Chetan Shiv Kumar underwent the awake craniotomy, a major breakthrough in the history of brain surgeries.
Awake craniotomy is an operation that involves accessing the brain through a part of the skull that is removed and then refixed when the surgery is over. This is usually done on a patient under local anaesthesia, while all his vital parameters are monitored though multiple monitoring techniques. The patient is awake all throughout the procedure, listening to his surgeon's instructions. Hence, lifting his hands, making facial movements, and even verbally responding to the surgeon's instructions help in the intra-operative assessment of the neurological status of the patient.
In the case of Chetan Shiv Kumar, Dr Satish Rudrappa, his neurosurgeon at the Manipal Hospital said, "The tumour involved some functionally important areas of the brain." So, awake craniotomy was carried out to prevent post-operative deficits.
Chetan had developed a severe headache and his blood pressure had shot up, when alarmed, he went to the hospital for scans and x-rays. When he was told that there was a small tumour on the right side of his brain and of the surgical procedure the doctors wanted to carry out, he was fully cooperative and went through the surgery. If he had opted for the conventional surgery, he would have been left with a speech dysfunction. But with the surgeon talking to him all throughout the surgery, the speech centre of the brain was being constantly monitored, as were the other parameters.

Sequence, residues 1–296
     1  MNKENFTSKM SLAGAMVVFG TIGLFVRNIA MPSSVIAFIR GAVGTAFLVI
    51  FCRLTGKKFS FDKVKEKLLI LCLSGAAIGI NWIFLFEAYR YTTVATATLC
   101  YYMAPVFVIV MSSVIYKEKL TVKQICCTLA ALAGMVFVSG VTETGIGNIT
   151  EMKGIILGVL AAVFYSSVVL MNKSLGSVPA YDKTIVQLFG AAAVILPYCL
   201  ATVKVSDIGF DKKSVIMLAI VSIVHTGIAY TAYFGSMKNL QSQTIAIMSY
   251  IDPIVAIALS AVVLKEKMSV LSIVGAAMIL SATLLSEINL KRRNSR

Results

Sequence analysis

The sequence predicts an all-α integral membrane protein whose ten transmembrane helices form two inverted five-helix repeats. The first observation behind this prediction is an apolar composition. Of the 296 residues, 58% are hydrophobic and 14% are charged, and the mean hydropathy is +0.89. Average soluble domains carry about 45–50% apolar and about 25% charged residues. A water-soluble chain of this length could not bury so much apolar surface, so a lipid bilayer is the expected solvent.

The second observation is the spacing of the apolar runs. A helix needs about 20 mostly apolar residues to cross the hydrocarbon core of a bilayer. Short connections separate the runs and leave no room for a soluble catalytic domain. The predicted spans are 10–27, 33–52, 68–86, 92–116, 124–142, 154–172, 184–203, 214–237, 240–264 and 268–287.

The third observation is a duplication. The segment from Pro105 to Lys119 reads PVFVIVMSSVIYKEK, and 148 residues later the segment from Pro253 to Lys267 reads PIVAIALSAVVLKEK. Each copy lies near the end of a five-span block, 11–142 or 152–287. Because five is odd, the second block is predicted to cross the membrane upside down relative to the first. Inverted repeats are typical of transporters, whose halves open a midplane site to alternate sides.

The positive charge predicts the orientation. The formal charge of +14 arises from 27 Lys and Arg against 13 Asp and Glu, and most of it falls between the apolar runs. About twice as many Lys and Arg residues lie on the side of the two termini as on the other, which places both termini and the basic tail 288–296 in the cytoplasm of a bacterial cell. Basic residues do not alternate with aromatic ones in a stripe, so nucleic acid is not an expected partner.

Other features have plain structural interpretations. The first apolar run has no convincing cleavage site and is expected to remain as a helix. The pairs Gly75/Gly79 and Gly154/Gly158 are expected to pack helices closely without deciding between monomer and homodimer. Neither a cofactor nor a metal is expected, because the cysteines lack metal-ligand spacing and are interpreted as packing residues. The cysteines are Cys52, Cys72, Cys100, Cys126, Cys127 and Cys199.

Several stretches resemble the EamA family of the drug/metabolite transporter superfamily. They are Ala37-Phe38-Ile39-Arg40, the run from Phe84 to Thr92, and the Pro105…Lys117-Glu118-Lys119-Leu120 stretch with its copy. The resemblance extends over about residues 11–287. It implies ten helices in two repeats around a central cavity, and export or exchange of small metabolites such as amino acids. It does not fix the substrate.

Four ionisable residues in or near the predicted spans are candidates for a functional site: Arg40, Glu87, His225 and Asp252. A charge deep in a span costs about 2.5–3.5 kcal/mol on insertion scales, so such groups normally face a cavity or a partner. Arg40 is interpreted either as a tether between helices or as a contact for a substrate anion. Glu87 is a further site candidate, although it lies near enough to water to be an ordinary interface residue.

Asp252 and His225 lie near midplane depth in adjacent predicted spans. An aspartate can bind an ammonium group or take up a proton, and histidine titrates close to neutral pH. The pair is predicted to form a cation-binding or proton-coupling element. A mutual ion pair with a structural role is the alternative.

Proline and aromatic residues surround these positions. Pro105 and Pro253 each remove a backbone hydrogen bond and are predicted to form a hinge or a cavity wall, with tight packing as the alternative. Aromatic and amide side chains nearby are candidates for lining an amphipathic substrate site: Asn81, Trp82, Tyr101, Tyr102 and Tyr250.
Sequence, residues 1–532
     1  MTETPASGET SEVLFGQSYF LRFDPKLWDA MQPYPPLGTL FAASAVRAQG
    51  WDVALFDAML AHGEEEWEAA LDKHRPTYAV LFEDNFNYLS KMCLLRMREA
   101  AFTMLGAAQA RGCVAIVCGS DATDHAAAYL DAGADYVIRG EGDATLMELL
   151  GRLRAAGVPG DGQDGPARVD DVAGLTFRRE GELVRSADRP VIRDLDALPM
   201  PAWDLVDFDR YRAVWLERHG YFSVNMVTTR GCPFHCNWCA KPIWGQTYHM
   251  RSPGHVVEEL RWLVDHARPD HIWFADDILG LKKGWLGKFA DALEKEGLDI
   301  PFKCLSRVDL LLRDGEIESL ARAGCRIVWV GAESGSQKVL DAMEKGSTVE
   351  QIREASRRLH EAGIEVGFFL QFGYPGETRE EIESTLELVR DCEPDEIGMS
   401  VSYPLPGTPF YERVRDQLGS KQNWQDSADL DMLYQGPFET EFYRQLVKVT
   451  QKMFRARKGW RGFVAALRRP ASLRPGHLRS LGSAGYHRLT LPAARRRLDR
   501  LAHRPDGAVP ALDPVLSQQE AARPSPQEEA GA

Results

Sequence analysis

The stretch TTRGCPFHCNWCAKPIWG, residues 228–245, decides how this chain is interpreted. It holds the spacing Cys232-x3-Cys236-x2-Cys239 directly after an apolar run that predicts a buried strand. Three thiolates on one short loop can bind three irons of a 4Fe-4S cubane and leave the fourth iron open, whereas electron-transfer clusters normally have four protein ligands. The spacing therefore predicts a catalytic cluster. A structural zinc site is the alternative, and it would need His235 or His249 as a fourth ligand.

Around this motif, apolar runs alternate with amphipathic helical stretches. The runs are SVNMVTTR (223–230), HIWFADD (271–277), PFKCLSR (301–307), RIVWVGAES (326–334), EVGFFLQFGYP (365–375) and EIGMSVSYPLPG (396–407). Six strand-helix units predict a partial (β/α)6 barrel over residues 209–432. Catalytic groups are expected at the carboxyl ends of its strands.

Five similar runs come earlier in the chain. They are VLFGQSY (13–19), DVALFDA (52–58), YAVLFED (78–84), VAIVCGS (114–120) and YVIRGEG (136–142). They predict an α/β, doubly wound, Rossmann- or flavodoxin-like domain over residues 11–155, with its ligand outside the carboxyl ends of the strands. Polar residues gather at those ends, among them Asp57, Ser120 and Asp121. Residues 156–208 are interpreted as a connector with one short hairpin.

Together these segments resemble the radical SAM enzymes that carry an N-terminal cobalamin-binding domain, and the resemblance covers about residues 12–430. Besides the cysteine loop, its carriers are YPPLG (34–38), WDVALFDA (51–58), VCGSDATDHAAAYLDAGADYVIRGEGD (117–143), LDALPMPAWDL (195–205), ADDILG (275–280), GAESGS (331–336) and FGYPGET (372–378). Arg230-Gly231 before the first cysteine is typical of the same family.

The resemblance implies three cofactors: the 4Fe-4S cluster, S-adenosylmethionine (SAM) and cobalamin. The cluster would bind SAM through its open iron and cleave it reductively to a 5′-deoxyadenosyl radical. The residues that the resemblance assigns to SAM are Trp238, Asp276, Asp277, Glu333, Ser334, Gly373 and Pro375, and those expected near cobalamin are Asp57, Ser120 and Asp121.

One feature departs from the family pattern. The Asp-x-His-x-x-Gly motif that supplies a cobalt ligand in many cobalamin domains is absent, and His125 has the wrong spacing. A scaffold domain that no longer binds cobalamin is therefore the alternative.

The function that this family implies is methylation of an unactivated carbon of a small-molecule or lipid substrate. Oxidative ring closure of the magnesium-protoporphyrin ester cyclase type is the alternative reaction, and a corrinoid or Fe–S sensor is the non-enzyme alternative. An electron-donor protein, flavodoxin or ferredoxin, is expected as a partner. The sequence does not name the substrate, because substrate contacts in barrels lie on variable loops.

And just one day after the operation, he was ready to leave for home.
Awake craniotomies and other similar minimally invasive procedures are recommended by Dr Sudarshan Ballal, medical director, Manipal Health Enterprises for, besides being cost effective, they contribute to minimal discomfort or morbidity, shorter hospital stay, early return to work and other routine activities.